OK, here’s the real story:
The weekend of October 8th, 2011, we took a road trip to Branson to Table Rock Lake for our Open Water Check-out dives for our SCUBA Certification. I have to say the weekend (for me) did not go as planned. Jon is now an open water certified diver and we have his paperwork ready to send in for his ID card. Me, not so much. We will be making the drive once again next weekend, this time to Beaver Lake to, get this…do ONE lousy, 20 min leisure dive & demonstrate ONE skill. Here’s a (not-so) quick synopsis:
I picked up a cold about 2 weeks prior to our trip to Branson. After about a week, it seemed to have cleared up for the most part other than a little sinus drainage that was no trouble at all. I took that Thursday off work just to chill out, push fluids and vitamin C and rest (I felt just OK, but it was a good excuse to take an extra day off). Anyway, we got to our room at the hotel Friday evening, had a nice dinner, soaked in the Jacuzzi/hot tub for about 30 min. and went back to our room. While soaking in the Jacuzzi, I noticed I was coughing more than usual but didn’t think much of it. I figured the heat from the hot tub was just loosening stuff up. Our weather could not have been better…upper 80′s Friday through Sunday. We could actually sit on the bank of the lake (Saturday was at Spider Beach, Sunday at Dewey Short) and not be either hot or cold! There was shade in the afternoon when it did warm up but the sun was nice in the morning. Water temperature was about 68 degrees & our 7 ml wetsuits did a perfect job of keeping us warm.
Saturday, Dive 1: Our first dive went great…got most of the “hard” stuff out of the way right off the bat which I was thankful for. I had trouble in class in the pool with mask removal since (according to Alex, our divemaster) I’m a natural nose breather so even with practice, and mastering it in the pool, I was still terrified to do it in deeper, murky water…why? I have no idea. I was having some trouble breathing normally but I attributed my trouble breathing to just being over excited, semi-fearful, 3′ visibility (even though they said it was 5′, there was no way.) I found it strange that I was having a bit of a problem catching my breath once we were on top of the water…even just floating…rapid breathing as if I had been power walking or taken an easy jog. I also commented to Jon about the really bad headache I had when we were all underwater.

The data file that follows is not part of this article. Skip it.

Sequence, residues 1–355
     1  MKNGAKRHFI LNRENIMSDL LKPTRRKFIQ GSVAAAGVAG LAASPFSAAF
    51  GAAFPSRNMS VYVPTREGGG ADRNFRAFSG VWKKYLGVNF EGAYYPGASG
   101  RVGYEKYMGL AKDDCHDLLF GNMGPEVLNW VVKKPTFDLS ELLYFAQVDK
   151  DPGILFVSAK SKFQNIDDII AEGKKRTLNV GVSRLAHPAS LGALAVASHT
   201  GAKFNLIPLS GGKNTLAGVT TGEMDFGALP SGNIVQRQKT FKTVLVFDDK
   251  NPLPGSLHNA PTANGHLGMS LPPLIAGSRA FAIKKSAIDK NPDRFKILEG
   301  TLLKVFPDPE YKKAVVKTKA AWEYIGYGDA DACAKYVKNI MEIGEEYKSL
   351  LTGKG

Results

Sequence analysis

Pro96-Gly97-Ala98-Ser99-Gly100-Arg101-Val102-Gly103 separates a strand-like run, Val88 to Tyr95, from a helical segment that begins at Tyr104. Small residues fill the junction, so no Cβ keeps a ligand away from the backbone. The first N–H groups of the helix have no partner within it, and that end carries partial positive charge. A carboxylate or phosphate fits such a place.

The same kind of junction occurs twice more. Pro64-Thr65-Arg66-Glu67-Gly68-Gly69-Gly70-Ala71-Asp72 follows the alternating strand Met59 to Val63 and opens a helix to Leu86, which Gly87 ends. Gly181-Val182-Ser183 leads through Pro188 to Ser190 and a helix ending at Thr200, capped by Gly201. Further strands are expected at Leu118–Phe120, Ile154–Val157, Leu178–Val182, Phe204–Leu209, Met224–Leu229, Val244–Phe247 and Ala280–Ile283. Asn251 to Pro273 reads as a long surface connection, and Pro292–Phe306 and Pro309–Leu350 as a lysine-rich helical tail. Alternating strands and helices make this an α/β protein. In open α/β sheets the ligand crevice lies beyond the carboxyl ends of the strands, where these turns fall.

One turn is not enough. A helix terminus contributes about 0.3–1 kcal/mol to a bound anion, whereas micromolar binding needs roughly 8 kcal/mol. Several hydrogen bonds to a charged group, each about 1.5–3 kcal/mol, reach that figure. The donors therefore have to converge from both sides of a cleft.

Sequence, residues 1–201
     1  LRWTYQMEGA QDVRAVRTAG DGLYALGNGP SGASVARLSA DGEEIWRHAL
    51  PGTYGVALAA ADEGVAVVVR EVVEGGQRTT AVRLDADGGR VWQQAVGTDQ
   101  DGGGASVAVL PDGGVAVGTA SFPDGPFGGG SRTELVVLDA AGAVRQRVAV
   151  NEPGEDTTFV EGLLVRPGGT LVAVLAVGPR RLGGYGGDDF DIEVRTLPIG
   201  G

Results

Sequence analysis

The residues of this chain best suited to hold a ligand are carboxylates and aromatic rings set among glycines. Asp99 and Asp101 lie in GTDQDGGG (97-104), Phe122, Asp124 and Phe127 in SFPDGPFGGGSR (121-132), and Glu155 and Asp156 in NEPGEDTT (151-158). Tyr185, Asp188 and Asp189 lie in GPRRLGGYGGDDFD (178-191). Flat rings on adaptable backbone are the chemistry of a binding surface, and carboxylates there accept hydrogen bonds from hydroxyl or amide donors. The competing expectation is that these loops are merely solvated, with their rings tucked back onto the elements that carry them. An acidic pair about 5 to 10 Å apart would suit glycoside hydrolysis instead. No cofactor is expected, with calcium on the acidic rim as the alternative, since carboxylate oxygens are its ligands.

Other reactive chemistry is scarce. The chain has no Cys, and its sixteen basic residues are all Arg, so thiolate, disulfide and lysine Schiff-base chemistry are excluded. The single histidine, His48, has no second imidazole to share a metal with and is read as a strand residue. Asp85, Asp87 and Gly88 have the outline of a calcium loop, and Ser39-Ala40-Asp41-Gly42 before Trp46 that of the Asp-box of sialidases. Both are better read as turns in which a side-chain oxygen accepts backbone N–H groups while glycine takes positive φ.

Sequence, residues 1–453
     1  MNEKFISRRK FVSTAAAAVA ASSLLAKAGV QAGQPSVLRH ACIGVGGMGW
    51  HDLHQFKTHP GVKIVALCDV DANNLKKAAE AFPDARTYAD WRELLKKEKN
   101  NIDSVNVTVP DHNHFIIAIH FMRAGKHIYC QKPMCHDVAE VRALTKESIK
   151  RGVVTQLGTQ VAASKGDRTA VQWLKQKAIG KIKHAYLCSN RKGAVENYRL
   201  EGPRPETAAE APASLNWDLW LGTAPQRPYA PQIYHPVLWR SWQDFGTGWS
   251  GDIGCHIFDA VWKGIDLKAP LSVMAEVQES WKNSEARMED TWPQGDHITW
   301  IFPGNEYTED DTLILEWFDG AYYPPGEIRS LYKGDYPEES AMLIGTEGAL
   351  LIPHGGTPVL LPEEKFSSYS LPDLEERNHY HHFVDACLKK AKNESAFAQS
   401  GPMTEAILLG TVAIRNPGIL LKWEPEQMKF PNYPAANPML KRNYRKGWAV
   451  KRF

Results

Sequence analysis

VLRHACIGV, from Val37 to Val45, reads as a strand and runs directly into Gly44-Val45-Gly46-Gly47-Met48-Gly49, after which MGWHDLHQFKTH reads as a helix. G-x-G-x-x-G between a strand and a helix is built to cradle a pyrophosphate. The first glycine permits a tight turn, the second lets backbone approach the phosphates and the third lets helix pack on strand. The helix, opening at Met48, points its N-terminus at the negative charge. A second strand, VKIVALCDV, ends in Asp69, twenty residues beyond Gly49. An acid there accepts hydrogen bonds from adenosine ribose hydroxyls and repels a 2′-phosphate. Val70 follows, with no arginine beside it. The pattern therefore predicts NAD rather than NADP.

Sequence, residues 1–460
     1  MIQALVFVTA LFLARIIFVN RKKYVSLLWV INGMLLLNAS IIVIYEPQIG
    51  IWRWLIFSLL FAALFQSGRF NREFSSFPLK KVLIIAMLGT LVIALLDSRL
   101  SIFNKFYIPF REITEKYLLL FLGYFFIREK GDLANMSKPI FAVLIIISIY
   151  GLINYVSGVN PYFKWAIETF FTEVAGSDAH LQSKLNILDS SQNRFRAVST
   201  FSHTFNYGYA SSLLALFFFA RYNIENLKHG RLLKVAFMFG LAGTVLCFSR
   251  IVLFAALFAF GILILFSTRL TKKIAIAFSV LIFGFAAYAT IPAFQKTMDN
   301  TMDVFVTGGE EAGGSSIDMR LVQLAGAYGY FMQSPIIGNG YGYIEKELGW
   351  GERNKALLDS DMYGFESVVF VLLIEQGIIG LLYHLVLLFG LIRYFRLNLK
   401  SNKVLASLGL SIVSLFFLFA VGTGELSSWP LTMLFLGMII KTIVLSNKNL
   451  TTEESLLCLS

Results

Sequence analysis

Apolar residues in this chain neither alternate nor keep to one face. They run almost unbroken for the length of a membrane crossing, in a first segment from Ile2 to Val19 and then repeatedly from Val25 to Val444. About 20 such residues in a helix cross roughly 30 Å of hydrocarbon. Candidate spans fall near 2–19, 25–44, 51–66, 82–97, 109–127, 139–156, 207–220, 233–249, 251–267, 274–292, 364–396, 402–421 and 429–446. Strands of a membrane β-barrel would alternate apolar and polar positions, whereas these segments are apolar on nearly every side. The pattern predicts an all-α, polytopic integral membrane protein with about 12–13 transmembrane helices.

Dive 2: Easier skills, not as frightening & I tried really hard to calm myself and consciously take things slower and not feel pressure to hurry through the skills. After the second dive though, I was having more trouble catching my breath at the surface and starting to cough, a lot. I knew something was up and it wasn’t a good sign. I wondered what I could possibly be doing wrong or psyching myself out about and my wheels were turning a mile a minute trying to figure it all out. I’m not one to walk away from a challenge like this and I knew I only had one more dive to do that day.
Between dive 2 & 3 we were to go to the State Park Marina and get our tanks filled with more air. The shore where we dove from was down a steep hill, fresh gravel and some sand…hiking up that hill with our tanks just about did me in…I had to stop several times to rest, cough, try to catch my breath. Jon ended up carrying my tank the rest of the way. Just climbing the hill was hard enough, adding the weight of the tank was just too much.